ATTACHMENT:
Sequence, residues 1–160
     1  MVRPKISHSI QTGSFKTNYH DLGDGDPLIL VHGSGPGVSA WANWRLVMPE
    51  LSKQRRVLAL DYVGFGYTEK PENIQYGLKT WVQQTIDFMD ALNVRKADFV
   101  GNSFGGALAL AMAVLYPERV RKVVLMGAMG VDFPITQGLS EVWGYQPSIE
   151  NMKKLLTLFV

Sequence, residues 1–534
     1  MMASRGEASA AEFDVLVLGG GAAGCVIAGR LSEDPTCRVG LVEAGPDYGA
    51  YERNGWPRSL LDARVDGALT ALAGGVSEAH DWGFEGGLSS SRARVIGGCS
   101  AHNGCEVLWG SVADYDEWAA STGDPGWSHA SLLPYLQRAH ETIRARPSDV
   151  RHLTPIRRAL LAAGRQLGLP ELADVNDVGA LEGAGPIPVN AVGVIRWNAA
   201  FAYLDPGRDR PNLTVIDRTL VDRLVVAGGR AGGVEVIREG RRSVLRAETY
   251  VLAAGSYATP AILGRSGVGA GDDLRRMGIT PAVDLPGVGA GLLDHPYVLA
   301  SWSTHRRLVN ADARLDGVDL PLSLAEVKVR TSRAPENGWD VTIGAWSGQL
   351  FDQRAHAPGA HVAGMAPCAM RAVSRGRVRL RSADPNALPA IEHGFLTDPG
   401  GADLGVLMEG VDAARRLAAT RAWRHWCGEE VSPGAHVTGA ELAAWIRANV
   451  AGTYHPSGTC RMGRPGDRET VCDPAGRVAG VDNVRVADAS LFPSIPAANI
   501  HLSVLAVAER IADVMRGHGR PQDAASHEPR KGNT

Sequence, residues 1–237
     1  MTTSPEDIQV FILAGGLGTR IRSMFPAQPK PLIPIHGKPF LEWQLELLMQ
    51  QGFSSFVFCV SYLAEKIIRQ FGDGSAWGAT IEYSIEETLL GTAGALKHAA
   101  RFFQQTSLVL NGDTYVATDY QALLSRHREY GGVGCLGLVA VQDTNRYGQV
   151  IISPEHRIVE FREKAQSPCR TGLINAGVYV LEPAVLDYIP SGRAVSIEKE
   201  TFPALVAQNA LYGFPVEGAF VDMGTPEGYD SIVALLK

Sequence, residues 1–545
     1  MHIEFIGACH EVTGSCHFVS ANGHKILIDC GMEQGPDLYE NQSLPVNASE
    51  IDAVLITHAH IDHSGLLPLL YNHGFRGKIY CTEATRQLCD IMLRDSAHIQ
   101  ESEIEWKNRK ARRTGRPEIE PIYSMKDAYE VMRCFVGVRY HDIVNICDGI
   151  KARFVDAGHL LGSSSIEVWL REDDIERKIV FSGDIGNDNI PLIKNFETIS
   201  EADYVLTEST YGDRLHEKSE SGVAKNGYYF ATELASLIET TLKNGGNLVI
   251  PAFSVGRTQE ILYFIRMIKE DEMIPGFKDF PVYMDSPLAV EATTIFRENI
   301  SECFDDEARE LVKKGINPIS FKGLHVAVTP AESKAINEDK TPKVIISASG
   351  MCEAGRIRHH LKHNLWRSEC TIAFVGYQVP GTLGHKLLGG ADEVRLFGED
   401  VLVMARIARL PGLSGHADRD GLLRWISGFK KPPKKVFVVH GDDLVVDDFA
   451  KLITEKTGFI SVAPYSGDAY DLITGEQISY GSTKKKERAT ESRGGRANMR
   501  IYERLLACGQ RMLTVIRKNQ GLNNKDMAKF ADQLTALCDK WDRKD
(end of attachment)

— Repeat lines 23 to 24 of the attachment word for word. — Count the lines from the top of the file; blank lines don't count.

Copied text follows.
   201  TFPALVAQNA LYGFPVEGAF VDMGTPEGYD SIVALLK

Sequence, residues 1–545